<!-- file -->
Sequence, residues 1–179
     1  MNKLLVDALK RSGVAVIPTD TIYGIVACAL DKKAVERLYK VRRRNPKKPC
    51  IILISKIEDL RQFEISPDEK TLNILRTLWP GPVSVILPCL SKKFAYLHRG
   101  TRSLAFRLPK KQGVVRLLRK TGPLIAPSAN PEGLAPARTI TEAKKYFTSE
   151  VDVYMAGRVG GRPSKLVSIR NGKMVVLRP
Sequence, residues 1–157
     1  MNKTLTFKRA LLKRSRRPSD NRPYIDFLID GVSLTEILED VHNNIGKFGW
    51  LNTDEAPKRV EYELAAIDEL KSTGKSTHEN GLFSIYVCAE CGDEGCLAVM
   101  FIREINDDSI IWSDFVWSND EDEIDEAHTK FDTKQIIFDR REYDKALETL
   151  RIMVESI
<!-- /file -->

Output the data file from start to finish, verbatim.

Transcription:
Sequence, residues 1–179
     1  MNKLLVDALK RSGVAVIPTD TIYGIVACAL DKKAVERLYK VRRRNPKKPC
    51  IILISKIEDL RQFEISPDEK TLNILRTLWP GPVSVILPCL SKKFAYLHRG
   101  TRSLAFRLPK KQGVVRLLRK TGPLIAPSAN PEGLAPARTI TEAKKYFTSE
   151  VDVYMAGRVG GRPSKLVSIR NGKMVVLRP
Sequence, residues 1–157
     1  MNKTLTFKRA LLKRSRRPSD NRPYIDFLID GVSLTEILED VHNNIGKFGW
    51  LNTDEAPKRV EYELAAIDEL KSTGKSTHEN GLFSIYVCAE CGDEGCLAVM
   101  FIREINDDSI IWSDFVWSND EDEIDEAHTK FDTKQIIFDR REYDKALETL
   151  RIMVESI